'Complete Streets' policy adopted by city council
Over the course of the past few years, the City of New Richmond council has been working to design streets, sidewalks and trails so that they meet the needs of residents and visitors today and well into the future.
To do that, there has been a concerted effort to engage the residents directly through public planning meetings for specific projects, bringing in the ideas and comments of those most directly affected.
Those policy decisions that help bring city officials and residents together in planning for the future have been formalized even more so with the city's recent decision to utilize and plan under a Complete Streets policy.
According to City Administrator Mike Darrow, the complete streets policy, "directs future street projects to be designed in a comprehensive manner that addresses concerns such as safety for bicyclists and pedestrians, reducing traffic speeds, improving street lighting, connectivity with existing sidewalks and trails, and ADA standards for accessibility."
Darrow pointed to two recent projects that have incorporated this policy — the Paperjack Drive and North 4th Street projects. The Paperjack Drive project was completed last summer and the planning for the North 4th Street project has been ongoing throughout this winter and is expected to be completed this coming summer.
The intent of a complete streets policy, according to city officials, is to ensure that the street and the entire right of way is designed to enable safe access for all users, regardless of age, ability, or mode of transportation.
The City of New Richmond joins a select group of only seven communities in the state of Wisconsin, and about 1,140 communities in the United States, that have developed a Complete Streets policy.
"The North 4th Street meeting held a couple of weeks ago was really an amazing conversation with people who have been in that neighborhood for a long time," Darrow said. "To hear their thoughts on pedestrian movement was amazing. It was truly enlightening to hear about not only this plan, but the safe routes to school plan, the downtown plan, trails and sidewalks and that interconnection is a huge part of the planning."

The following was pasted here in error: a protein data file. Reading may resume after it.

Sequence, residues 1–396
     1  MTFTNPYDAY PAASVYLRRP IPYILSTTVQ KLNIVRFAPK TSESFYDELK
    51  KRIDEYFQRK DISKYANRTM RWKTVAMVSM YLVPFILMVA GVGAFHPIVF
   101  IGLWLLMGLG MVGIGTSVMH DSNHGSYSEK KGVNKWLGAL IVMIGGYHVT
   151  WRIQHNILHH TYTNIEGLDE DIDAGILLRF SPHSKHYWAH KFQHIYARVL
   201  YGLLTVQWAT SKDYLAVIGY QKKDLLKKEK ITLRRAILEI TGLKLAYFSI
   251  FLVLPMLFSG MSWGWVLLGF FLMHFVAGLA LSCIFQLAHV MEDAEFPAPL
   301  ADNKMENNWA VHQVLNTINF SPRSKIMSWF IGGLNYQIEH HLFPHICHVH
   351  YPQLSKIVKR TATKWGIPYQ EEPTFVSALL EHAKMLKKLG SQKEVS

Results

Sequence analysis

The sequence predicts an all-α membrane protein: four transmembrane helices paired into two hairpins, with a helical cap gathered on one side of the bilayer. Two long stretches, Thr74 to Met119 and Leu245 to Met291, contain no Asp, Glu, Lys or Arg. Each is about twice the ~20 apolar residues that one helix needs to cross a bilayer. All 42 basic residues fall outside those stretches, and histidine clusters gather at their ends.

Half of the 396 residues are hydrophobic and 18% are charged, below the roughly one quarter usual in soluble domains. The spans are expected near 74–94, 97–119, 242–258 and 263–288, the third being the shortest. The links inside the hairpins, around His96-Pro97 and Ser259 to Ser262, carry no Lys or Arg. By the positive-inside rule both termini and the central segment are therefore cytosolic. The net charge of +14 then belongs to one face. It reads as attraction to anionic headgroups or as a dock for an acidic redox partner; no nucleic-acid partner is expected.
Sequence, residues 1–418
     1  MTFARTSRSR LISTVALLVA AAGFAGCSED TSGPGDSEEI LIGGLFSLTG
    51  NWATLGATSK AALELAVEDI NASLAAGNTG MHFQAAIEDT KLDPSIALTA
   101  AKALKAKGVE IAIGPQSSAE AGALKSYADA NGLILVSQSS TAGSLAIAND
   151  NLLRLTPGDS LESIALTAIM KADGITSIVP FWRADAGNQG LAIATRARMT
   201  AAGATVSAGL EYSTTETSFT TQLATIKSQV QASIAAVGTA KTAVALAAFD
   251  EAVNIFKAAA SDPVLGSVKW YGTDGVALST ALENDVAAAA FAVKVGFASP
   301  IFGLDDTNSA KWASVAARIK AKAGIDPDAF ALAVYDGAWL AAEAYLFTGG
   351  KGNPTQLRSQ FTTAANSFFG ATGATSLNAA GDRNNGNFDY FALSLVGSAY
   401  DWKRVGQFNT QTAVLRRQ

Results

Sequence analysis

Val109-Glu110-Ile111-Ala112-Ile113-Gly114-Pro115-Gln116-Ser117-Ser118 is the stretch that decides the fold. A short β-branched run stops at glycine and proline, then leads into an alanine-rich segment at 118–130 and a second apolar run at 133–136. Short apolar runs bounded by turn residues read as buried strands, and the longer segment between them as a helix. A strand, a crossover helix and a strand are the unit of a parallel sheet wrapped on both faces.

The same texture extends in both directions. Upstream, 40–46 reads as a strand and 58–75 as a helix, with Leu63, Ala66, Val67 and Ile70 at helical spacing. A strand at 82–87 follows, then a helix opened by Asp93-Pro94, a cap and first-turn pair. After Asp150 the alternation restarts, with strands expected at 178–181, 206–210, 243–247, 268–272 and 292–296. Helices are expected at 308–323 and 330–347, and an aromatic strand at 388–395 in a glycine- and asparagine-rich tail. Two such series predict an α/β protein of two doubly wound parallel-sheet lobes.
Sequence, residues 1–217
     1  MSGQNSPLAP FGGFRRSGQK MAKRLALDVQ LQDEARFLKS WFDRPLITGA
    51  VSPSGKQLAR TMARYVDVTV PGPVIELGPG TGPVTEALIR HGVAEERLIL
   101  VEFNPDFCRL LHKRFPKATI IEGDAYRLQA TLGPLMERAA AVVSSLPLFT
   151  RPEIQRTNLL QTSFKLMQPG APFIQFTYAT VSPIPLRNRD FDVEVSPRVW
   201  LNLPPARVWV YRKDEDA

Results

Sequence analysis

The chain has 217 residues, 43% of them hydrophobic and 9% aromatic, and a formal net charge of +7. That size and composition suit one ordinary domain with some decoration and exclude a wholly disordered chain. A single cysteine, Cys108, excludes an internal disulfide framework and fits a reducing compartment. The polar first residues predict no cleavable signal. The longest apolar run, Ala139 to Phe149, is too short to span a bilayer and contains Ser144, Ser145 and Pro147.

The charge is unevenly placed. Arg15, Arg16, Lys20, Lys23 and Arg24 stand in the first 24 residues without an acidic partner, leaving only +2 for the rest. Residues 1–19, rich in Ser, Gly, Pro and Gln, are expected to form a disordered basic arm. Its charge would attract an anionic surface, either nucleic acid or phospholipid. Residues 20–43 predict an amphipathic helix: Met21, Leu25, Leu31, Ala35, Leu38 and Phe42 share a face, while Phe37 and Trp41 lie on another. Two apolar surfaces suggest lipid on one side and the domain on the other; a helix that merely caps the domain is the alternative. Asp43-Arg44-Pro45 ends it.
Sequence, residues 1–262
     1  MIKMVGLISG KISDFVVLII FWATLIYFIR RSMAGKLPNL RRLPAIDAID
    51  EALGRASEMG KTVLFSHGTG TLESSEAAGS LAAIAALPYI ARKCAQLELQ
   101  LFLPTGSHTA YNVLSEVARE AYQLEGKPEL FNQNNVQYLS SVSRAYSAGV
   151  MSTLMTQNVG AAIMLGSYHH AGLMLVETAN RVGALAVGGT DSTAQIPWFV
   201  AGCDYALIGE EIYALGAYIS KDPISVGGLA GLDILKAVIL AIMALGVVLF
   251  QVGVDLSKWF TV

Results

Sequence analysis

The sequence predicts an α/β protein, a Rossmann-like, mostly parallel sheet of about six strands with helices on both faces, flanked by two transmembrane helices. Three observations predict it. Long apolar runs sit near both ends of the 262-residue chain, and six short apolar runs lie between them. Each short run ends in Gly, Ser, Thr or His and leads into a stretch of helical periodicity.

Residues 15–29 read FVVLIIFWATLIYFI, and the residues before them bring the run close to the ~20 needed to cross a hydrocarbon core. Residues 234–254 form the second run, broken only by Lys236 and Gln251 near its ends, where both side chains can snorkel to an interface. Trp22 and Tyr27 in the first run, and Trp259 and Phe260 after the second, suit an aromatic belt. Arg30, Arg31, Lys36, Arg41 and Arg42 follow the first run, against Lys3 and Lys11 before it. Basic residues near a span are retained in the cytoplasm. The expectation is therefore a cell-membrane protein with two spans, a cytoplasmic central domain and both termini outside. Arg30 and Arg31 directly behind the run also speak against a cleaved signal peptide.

The utilization of the Complete Streets policy has been a win-win arrangement, Darrow said, that has been successful because of the "good relationships with the people that are stakeholders," he said.
In addition, it's been the substance and depth that residents have shown when helping to develop their neighborhoods that have been most rewarding for the city.
"What we've found through this process is that people really care about this community. They are putting in the thought and have been involved in the process and have a deep care for what's happening here. That's what we've been seeing."
The city has taken many steps to improve its bicycle and pedestrian infrastructure, a process that is sure to continue with upcoming projects.
The most recent planning and implementation of projects have included adding sidewalks to Paperjack Drive, extending the North Shore Trail with a combination on-street/off-street trail, and adding an off-street trail on 115th Street and painted bicycle lanes to the Doar Prairie Restoration.
With the city, state and nation having been auto-centric over the past several decades, there is a national movement in transportation planning that is bringing things back toward the middle — a middle that not only includes planning for automobiles, but also for the bikers, the hikers, the joggers and even the kids who want better, safer ways to get to school.
"It used to be that we were so auto-centric — and for such a long time," Darrow said.
"If you look at pictures of New Richmond from years ago, you will see the streets with the large sidewalks. But then it became the idea that we had to get the cars through. But people now are using bikes and people need handicap-accessible routes. They want safe places for kids who want to bike to school. There are so many gaps in the city. For instance, getting to Hatfield Park. Based on what the community is saying ... we like being able to walk to the library or bike to school, to have the opportunity to unwind by using these facilities," Darrow said.
The Complete Streets policy helps the city provide the best plans for everyone.
Investments have been made in sidewalk repairs and maintenance, and a new bicycle and pedestrian master plan and a first-ever safe routes to school plan were also developed last year.
The city council's recently-adopted complete streets policy will ensure that these planning efforts continue well into the future.
"Whether you run or bike long distances, enjoy taking your dog for a walk around the block, or just want the peace of mind knowing that your kids can safely walk or bike to school or to the park, the newly-adopted complete streets policy will help ensure that the City of New Richmond's transportation system meets the needs of not only motorists, but of all users," city management analyst Noah Wiedenfeld said.
"A well-connected, multi-modal transportation system encourages exercise and outdoor recreation, provides many economic and environmental benefits, and in short, simply helps."